What We’re Reading: Where the Wild Coffee Grows

Title: Where the Wild Coffee Grows: The Untold Story of Coffee from the Cloud Forests of Ethiopia to Your Cup

Author: Jeff Koehler

Genre: Nonfiction

A coffee cup image on a burlap bag texture.

Where the Wild Coffee Grows: The Untold Story of Coffee from the Cloud Forests of Ethiopia to Your Cup by Jeff Koehler

This book was read by Courtney Bippley – a Reference Librarian at the Main Campus Library.

Why did you choose to read this book?

I love coffee. My appreciation for it has grown over the last few years as I’ve learned about it more. This book is a part of my personal quest to understand the things I love more in a global context.

What did you like about it?

It was really well researched. There were a ton of citations at the end of the book along with helpful footnotes providing context throughout. I learned a lot about how coffee spread around the world and what cultural movements it provoked and inspired. Since the history of coffee and the history of Ethiopia are closely intertwined I ended up learning much more about Ethiopia than I expected when I picked the book up.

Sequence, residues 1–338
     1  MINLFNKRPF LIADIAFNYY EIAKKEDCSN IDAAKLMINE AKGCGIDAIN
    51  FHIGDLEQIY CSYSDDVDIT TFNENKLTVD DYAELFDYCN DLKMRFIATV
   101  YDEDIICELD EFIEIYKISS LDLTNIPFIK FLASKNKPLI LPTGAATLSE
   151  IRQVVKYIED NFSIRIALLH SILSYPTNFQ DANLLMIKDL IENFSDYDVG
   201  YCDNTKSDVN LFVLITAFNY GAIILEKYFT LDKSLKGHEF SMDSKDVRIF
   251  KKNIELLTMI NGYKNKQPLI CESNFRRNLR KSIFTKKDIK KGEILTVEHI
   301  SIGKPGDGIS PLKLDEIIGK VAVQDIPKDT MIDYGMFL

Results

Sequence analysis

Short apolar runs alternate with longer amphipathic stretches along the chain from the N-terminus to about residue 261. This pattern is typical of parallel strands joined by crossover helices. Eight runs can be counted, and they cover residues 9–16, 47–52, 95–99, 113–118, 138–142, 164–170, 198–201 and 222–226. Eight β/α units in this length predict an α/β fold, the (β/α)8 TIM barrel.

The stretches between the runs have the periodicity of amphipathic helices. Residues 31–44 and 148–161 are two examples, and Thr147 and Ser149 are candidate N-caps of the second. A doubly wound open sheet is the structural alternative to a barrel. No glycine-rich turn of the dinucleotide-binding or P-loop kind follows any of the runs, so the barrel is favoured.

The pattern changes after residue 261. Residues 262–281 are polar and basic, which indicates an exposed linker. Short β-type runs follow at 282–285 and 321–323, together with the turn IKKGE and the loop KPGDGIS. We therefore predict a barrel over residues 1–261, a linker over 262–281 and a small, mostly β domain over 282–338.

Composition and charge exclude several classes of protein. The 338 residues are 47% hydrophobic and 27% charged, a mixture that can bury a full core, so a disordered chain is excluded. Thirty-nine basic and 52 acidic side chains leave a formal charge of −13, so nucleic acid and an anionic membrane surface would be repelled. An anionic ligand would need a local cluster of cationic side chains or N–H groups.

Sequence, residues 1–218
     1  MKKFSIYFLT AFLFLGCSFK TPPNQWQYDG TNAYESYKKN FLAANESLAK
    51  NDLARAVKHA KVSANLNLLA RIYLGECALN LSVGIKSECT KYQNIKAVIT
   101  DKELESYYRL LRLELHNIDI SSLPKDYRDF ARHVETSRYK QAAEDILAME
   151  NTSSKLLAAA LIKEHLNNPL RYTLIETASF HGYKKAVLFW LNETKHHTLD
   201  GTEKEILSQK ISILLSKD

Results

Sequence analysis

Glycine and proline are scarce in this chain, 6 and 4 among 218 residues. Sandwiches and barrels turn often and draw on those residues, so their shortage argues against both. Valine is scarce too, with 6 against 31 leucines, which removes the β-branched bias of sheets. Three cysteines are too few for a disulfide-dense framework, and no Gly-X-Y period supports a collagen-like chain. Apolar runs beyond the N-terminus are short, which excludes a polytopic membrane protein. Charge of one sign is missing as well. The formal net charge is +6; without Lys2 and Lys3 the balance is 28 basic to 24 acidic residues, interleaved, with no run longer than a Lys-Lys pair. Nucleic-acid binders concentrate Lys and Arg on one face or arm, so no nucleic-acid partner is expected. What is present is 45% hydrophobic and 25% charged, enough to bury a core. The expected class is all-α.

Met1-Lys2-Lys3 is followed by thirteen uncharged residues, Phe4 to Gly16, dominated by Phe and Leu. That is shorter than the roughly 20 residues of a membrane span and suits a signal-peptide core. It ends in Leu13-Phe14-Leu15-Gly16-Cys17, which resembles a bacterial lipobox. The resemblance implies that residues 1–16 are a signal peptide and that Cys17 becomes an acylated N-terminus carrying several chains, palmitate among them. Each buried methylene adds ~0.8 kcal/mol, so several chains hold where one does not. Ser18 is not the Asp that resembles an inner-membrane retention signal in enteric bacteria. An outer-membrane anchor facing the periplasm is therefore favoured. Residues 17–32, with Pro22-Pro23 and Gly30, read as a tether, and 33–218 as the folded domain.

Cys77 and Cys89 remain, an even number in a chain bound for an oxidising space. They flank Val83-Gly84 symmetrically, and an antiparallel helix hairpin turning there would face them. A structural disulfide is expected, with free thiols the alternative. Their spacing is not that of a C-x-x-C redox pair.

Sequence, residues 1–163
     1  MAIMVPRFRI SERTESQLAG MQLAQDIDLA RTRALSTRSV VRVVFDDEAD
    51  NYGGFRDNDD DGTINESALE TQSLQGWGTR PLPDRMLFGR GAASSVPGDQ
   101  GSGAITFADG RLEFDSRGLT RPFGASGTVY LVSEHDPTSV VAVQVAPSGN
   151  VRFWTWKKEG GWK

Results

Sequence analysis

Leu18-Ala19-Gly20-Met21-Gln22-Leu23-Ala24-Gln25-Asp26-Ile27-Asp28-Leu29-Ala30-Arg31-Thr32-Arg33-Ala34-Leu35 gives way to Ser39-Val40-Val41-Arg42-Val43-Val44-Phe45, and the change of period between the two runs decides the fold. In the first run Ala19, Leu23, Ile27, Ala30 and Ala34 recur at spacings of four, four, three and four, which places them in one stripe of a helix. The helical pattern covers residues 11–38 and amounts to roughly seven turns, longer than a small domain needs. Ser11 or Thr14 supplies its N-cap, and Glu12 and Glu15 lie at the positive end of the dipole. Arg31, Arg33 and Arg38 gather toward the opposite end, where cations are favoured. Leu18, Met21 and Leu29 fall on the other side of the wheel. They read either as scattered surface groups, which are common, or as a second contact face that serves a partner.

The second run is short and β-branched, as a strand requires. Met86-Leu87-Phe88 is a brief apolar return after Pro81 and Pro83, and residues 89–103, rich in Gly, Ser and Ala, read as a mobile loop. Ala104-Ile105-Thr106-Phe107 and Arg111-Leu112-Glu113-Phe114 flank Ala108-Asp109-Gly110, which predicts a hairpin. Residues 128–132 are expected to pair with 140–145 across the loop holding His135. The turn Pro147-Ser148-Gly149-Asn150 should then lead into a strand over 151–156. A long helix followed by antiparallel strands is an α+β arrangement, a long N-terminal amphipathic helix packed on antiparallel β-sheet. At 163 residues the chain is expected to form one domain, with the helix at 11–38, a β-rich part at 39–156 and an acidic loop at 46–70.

Did it remind you of any other book, or a movie?

I read a similar book a few years ago, Bread, Wine, Chocolate: The Slow Loss of Foods We Love by Simran Sethi. Both books talk about the lack of genetic diversity in commercially grown coffee, coffee rust, and what is predicted to happen to coffee farms in the future. (Spoiler: Outlook isn’t great.)

Was there anything noteworthy about the book?

It satisfies the Book about Cooking or Food category for the Durham Tech Library 2018 Read Great Things Challenge.

What feeling did the book leave you with?

Inspired to learn more. I’ve signed up for a coffee education workshop at my local coffee roaster where I’ll get to try some of the rare varieties of coffee mentioned in the book.

Who would you recommend the book to?

Anyone who likes food related nonfiction, or who is a coffee lover and wants to know more about the past, present, and future of this amazing drink. Also, anyone who wants to learn about Ethiopian history.

What would you pair this book with?

A cup of coffee! Freshly ground, single-origin, Ethiopian coffee with a light roast to let the flavor of the bean shine. No added sugar or cream makes the coffee flavor notes ring true, but don’t ever let anyone shame you if you want to add some. If you’re feeling adventurous you can add butter like they do in Ethiopia.

Instructions for how to make pour over coffee.

Image from Starbucks.

About Courtney Bippley

Courtney is a Reference Librarian at the Main Campus Library. Her favorite genres are fantasy and science fiction. She loves dogs, coffee, and dancing.